It included expanding City Hall, building a city library, connecting the entrance of Piedmont Park to the electric trolley line, the transportation at the time. Of the plan, little did materialize; the exedra, the structure that includes the iconic vase of Piedmont, was built at the head of Piedmont Park. Piedmont High School was opened to students the following year, it was funded by a bond passed by voters in 1920. However, the stock market crash of 1929
History of California 1900–present
This article continues the history of California in the years 1900 and later. After 1900, California continued to grow and soon became an agricultural and industrial power; the economy was based on specialty agriculture, tourism, shipping and after 1940 advanced technology such as aerospace and electronics industries – along with a significant military presence. The films and stars of Hollywood helped make the state the "center" of worldwide attention. California became an American cultural phenomenon. Silicon Valley became the world's center for computer innovation. California is now the most populous state in the United States. If it were an independent country, California would rank 34th in population in the world. California has had waves of emigration over the years; the first big wave was the California Gold Rush starting in 1848 of miners, farmers, etc. as well as their many supporters. There were fewer than 10,000 females in a total California population of about 120,000 residents in 1850.
About 3.0% of the gold rush Argonauts before 1850 were female or about 3,500 female Gold Rushers, compared to about 115,000 male California Gold Rushers. Massive immigration from other states continued throughout the nineteenth century. California did not reach a "normal" male to female ratio of about one to one until the 1950 census. California for over a century was short on females; the 1900 census showed emigrations down to "only" a 20% growth rate. The early 1900s showed a massive population increase of over 60% between 1900 and 1910; the population more than doubled again in the next 20 years by 1930. Foreign immigration ceased during the Great Depression, as immigration to the United States was held to a low of 23,068 per year by 1933, many foreign workers were deported. There were not enough jobs to go around. After World War II and the Great Depression, there was a increasing buildup of United States workers in California as wartime industries boomed. Most of these workers were from other states as they settled in California and increased the California population to 10,586,223 by 1950.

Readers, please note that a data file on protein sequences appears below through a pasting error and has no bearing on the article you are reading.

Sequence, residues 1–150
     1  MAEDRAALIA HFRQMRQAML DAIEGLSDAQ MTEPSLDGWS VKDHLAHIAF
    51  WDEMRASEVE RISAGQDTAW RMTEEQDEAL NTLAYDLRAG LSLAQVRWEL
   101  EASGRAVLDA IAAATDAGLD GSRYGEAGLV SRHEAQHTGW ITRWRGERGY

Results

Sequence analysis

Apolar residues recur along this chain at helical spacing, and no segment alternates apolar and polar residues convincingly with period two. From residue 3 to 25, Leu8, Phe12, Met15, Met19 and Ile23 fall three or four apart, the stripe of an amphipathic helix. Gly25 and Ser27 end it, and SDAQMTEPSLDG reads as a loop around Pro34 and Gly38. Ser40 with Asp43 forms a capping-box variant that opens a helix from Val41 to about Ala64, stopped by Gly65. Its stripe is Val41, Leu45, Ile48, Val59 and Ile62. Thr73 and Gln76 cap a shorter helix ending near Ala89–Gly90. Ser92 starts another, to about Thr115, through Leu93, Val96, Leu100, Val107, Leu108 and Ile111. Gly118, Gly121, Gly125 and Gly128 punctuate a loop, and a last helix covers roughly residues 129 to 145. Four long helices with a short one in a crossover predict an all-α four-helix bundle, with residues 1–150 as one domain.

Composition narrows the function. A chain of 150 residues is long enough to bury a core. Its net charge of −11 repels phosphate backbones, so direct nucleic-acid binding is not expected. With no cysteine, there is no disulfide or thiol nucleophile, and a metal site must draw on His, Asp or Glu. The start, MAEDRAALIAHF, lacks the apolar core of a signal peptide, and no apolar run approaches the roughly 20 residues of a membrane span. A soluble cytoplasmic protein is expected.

Immigration to the United States only started to increase in 1946, when immigration to all of the United States was back up to 108,721 per year The continuing prosperity and emigration from other states and immigration from other countries in the 1950s and 1970s doubled the California population again to 19,953,134 by 1970. The 1970–2010 population growth has still been substantial but has slowed to "only" about a 15% growth rate per decade. By 2010 the California population growth rate slowed to 10%. Earthquakes in California are common occurrences since the state is traversed by six major strike-slip fault systems with hundreds of related faults, many of which are "sister faults" of the infamous San Andreas Fault that runs nearly the full length of California at the juncture of the Pacific Plate and the North American Plate; the fault systems include the Hayward Fault Zone, Calaveras Fault, Clayton-Marsh Creek-Greenville Fault, the San Gregorio Fault. Significant blind thrust faults are associated with portions of the Santa Cruz Mountains and the northern reaches of the Diablo Range and Mount Diablo.
The California earthquake forecast gives a rough estimate of where the main earthquake zones in California are. Earthquake damage depends on what area is hit, how close to the surface the center of the earthquake is located, its magnitude. Earthquake damage, for a given magnitude earthquake, to human structures depends on how well the buildings are built and what the structures are located on. Buildings on soft or filled-in soil suffer the most. Buildings on bedrock suffer less damage. Sometimes the ensuing fires, floods or tsunamis caused by the earthquake are where the greatest damage occurs; the 1906 San Francisco earthquake struck the city and nearby communities at 5:12 a.m. on Wednesday, April 18, 1906. Devastating fires broke out in the city that lasted for several days, destroying about 28,000 buildings; as a result of the quake and fires, over 3,000 people died and over 80% of San Francisco was destroyed. The death toll from the earthquake and resulting fire is the greatest loss of life from a natural disaster in California's history.
The most accepted estimate for the magnitude of the earthquake is a moment magnitude or Richter magnitude of 7.8. Shaking was felt from Oregon to Los Angeles, inland as far as central Nevada; the San Francisco 1906 earthquake was caused by a rupture on the San Andreas Fault, a continental transform fault that forms part of the tectonic boundary between the Pacific Plate and the North American Plate. The fault is characterized by lateral motion where the western plate moves northward relative to the eastern plate; the 1906 rupture propagated both northward and southward from its epicenter for a total of about 300 miles. The San Andreas Fault runs the length of California from the Salton Sea in the south to Cape Mendocino to the north, a distance of about 810 miles; the earthquake ruptured the northern third of the fault for a distance of about 300 miles. The maximum observed surface displacement was about 20 feet (6.1 m